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Why Aren't Disaster Preparedness Messages Sticky?
March 24, 2013
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Why can’t Emergency Managers succeed in  getting the message across to the public that they should be prepared for a disaster?  We all try very hard, and yet survey after survey shows that people just aren’t internalizing the message.  

I have an idea.  Perhaps the messages don’t work because NOT understanding the curse of knowledge stops us from using the stickiness factor.

Stay with me here and let me explain:

The stickiness factor came from thoughts on effective messaging that author Malcolm Gladwell described in The Tipping Point. This is how he explains it:

"But the hard part of communication is often figuring out how to make sure a message doesn’t go in one ear and out the other.  Stickiness means that the message makes an impact.  You can’t get it out of your head. …Unless you remember what I tell you, why would you ever change your behavior or buy my product  or to go to see my movie?"

Sticky messages have such memorable content and such an impact they are vividly recalled with just a few clues. When you see or hear a sticky message, you just know the story behind it. Proverbs and urban legends are inherently sticky.  Advertising aspires to be sticky, entertainment can produce really sticky images. For example:

  • The early bird gets the worm.
  • Waking up in a tub of ice, with a note on your chest.
  • Snap! Crackle! Pop!
  • Make it so.

How to make a message sticky is detailed very well in the book Made to Stick: Why Some Ideas Survive and Others Die by brothers Chip and Dan Heath. They took Gladwell’s thoughts (admitting it freely) and said sticky messages have six principles in common:  simplicity, unexpectedness, concreteness, credibility, emotions and stories. Great book – make it part of your real or virtual bookshelf, and they did a nice interview on NPR.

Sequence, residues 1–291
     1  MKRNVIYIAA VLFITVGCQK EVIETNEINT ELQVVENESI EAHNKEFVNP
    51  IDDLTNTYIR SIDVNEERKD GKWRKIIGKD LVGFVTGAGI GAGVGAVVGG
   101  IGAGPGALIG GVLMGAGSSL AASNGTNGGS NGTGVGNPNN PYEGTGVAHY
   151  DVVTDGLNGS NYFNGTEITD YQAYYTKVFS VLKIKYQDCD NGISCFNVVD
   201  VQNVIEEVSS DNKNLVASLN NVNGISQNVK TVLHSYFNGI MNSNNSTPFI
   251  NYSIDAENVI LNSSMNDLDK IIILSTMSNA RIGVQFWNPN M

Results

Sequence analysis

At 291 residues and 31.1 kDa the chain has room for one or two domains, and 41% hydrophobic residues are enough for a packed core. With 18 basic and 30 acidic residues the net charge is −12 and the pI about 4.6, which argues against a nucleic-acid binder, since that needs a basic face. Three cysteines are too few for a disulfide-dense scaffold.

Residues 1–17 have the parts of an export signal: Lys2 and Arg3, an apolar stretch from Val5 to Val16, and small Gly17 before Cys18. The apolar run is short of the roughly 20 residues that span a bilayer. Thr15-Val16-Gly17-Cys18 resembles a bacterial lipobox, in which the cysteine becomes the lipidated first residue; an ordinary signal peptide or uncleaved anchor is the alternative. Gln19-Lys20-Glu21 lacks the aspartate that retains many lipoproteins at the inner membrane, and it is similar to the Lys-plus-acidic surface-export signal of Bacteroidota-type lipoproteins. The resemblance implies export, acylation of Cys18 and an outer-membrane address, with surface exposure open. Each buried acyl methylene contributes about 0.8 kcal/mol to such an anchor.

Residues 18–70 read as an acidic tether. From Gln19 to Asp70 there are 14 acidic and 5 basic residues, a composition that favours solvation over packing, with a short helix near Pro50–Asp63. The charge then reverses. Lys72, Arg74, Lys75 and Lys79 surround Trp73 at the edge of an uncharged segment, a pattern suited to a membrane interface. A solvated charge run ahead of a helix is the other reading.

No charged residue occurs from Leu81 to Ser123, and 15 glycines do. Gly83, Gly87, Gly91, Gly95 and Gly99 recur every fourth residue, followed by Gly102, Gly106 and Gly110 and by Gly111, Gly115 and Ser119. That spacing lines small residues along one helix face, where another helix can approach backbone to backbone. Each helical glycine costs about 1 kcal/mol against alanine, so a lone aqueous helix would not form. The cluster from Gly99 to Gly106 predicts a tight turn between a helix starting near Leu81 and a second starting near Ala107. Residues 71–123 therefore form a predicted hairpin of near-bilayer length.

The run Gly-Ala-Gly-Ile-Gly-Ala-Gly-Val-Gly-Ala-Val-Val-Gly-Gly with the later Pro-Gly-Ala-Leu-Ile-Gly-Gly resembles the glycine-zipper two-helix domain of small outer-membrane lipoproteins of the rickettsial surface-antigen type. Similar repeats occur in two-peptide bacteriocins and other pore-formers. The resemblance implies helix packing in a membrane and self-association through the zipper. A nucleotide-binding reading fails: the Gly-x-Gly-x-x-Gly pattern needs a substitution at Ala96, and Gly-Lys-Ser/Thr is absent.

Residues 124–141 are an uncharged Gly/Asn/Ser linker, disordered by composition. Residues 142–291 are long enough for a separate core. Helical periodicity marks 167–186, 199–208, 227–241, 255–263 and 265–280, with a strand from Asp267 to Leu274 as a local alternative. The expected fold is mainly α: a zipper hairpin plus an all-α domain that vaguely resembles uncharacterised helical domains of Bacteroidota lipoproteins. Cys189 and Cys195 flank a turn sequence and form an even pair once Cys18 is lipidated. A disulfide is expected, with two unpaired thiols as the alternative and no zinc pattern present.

The “curse of knowledge” concept came out of a game created by a PhD student (Elizabeth Newton) at Stanford back in the 90’s.  You have probably heard of it – the tappers and listeners game.

Very simply, she asked one group to tap out the rhythm of a well-known song and the other group listened and tried to guess what the song was. The tappers predicted how many songs the listeners would be able to guess and they thought about 50%. The success rate was really, really low – like 2.5%. The tappers were surprised the listeners couldn’t guess – it seemed pretty obvious to them! The tappers could hear the song complete with music and rhythm in their heads, but the listener only heard a disconnected set of dots and dashes.

Bottom line:  The curse of knowledge makes it almost impossible to create a sticky message.

Emergency managers create emergency preparedness messages to share what we know about disasters with the public.  We want those message to be sticky. But our own knowledge has ‘cursed’ us, because it is hard to imagine what it is like to NOT know what we know.  If we only create messages that resonate with us, we can’t just assume they are going to resonate with public.

What is it we want to tell the public?  Be prepared to withstand a disaster. 

What do we tell them?  Be informed. Make a Plan. Build a kit.

Not a real ‘sticky’ message, is it?

What do we really want to say?  Be prepared to help yourself because we can’t help everyone.

Now that’s a sticky message.



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